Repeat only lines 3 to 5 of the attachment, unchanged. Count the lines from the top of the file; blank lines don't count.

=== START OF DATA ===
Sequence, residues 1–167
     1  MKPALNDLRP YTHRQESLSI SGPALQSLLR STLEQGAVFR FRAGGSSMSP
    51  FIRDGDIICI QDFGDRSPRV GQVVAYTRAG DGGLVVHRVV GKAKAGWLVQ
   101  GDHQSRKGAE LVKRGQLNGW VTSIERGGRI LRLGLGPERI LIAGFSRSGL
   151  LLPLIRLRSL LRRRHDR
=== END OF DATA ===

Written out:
    51  FIRDGDIICI QDFGDRSPRV GQVVAYTRAG DGGLVVHRVV GKAKAGWLVQ
   101  GDHQSRKGAE LVKRGQLNGW VTSIERGGRI LRLGLGPERI LIAGFSRSGL
   151  LLPLIRLRSL LRRRHDR